Georgetown’s MA-IBP Program Commences Social Action Projects in the Jesuit Tradition

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The Master of Arts in International Business and Policy Program  (new window)(MA-IBP), an interdisciplinary program at Georgetown University exploring the intersection between business and geopolitics, commenced its Social Action Projects (new window) this fall. Working in small teams, students are collaborating with a number of public, private, and nonprofit organizations to tackle international business issues. 

What distinguishes these capstone consulting projects is their focus on the Jesuit tradition of “women and men for others.” While completing their respective projects, MA-IBP students study the global management and governance of people, products, and profits as a means toward a greater social purpose in the world. 

Paul O’Brien (IBP ‘20) highlighted his sense of fulfillment when working alongside UNICEF on their Health Access Public-Private Partnerships for Mothers and Children project. Previously deployed in Iraq, Afghanistan, and other countries across East Asia, he felt conflicted when he could only tend to the immediate health needs of children, rather than develop a health care system that would get to the root of the problem. 

“I am able to build actionable targets that can be employed to bridge this gap and bring health care to those who need it,” said O’Brien, finally at ease. “It has been made possible through this sustainable, public-private partnership.”

MA-IBP students have the opportunity to gain hands-on experience with a diverse group of organizations. Offered by Georgetown University’s Walsh School of Foreign Service and McDonough School of Business, this one-year interdisciplinary program blends the strengths of the oldest and most highly regarded school of foreign service in the world with a top-tier business school that has proven experience in educating global, principled leaders who serve business and society.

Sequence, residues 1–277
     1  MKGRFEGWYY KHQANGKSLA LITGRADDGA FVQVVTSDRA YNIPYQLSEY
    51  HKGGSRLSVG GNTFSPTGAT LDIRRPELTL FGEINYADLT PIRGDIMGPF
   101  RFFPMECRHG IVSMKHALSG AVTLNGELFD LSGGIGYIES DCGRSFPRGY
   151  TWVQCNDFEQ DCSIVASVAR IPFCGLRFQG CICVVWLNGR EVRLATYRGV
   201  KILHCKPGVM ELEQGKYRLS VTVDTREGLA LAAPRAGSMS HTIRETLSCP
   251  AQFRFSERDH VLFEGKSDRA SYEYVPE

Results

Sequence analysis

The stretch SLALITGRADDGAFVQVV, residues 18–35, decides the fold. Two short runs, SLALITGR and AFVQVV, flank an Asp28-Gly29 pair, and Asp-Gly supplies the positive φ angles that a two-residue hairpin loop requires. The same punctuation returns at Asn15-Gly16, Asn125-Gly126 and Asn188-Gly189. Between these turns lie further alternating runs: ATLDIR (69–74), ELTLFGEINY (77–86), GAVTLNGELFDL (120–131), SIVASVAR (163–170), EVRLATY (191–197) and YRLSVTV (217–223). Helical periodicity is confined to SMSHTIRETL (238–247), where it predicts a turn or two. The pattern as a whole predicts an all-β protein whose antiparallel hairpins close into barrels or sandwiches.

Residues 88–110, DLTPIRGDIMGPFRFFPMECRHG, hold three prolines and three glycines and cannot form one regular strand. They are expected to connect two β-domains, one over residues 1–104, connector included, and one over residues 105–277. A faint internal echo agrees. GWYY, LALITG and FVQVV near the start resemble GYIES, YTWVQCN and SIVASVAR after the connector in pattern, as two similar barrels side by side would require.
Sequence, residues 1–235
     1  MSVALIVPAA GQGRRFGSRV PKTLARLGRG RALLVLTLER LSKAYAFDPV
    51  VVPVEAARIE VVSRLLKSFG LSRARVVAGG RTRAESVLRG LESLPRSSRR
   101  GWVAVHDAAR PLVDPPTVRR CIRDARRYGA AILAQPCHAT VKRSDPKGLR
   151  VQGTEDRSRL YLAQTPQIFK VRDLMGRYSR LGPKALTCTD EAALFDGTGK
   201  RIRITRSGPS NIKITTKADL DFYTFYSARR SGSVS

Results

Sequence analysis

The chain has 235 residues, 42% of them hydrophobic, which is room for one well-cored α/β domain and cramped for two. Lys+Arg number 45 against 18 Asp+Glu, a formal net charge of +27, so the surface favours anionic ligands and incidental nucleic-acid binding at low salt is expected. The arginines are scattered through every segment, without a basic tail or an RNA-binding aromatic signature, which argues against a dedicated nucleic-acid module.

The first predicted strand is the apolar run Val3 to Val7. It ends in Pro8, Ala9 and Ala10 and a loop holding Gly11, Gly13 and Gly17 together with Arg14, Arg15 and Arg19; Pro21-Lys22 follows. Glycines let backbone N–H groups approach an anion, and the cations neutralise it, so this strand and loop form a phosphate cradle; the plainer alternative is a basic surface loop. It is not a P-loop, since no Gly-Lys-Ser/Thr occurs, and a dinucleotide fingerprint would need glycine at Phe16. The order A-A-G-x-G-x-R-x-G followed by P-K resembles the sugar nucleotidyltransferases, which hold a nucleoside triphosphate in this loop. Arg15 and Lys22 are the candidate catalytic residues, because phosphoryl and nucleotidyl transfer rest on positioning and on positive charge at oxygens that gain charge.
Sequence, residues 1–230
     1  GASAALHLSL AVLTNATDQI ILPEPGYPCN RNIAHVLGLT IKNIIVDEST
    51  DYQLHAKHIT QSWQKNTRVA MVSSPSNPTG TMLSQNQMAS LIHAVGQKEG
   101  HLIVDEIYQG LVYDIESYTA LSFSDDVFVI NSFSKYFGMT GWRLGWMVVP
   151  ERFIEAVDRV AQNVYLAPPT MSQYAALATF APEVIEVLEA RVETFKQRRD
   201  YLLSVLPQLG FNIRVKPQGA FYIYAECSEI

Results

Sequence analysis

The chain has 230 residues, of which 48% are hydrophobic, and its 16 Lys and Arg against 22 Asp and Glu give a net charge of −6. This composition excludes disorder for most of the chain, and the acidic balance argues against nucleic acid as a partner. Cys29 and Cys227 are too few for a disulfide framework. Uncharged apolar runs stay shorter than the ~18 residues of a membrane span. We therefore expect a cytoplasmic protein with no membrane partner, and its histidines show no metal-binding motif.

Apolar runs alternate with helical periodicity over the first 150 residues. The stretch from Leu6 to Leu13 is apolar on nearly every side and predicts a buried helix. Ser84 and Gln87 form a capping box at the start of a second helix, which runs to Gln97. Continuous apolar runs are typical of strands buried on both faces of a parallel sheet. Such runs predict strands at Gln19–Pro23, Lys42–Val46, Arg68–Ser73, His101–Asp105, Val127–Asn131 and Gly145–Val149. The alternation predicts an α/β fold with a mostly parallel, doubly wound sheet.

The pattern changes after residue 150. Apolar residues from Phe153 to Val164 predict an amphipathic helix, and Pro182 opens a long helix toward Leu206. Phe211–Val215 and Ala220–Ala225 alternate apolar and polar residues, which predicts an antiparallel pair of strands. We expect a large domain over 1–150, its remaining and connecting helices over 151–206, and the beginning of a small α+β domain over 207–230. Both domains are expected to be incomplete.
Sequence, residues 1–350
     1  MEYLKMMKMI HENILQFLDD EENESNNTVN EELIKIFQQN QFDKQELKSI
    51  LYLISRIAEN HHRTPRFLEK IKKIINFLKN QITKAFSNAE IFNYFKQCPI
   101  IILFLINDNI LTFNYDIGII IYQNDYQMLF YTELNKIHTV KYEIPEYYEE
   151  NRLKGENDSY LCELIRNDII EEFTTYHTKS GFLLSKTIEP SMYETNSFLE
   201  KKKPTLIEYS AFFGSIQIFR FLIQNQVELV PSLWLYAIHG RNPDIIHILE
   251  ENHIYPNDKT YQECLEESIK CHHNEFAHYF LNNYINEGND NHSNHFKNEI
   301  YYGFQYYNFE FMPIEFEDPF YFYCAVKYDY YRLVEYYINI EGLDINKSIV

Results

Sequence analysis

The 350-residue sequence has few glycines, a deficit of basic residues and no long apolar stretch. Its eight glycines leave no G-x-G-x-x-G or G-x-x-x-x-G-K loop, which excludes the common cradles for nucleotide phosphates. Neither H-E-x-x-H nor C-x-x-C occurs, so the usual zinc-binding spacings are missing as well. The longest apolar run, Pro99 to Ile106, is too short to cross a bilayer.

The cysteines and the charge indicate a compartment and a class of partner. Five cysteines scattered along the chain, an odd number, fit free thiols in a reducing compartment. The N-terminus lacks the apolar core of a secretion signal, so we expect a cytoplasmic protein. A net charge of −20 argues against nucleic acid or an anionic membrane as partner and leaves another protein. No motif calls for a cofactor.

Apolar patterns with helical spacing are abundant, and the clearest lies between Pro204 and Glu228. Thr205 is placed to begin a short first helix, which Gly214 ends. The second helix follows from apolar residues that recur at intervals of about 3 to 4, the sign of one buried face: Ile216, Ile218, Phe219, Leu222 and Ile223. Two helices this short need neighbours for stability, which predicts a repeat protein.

The curriculum provides an understanding of the frameworks and mechanisms that drive business and international relations and explores those concepts in contemporary global issues. It is designed for working professionals who want to broaden their perspective and advance their careers without pausing it. 

Michael Ryan, lecturer at Georgetown McDonough and Social Action Project advisor, noted that, “Our best projects are strategic, integrate international business and international policy studies that consider both the interests of stakeholders and aspire to real-world readiness.” 

Some recent organizations that students have worked directly with include:

  • African Development Bank: Small Solar Market Place in Sub-Saharan Africa
  • Atlantic Council Scowcroft Center: Global Data Governance
  • Environmental Defense Fund: Deforestation and Global Cocoa Industry-Grower Country Strategies
  • World Bank: Haiti Comprehensive Special Economic Zone Development Plan

The Social Action Projects allow students to apply both the technical and soft skills that they have developed throughout their time in the program. Before participating in MA-IBP, Aliya Candeloro (IBP ‘20) was limited to delivering capacity-building activities to smaller beneficiary groups and organizations in the Eurasia region. Since working alongside the World Bank to explore sustainable tourism options in Dominica, however, she has been able to branch out beyond her familiar geographic area to work on the large-scale project. 

“The social action project is truly a culminating point in the program,” said Candeloro. “All of the key concepts introduced in earlier months come into play and enable us to test our strengths and expertise as professionals.”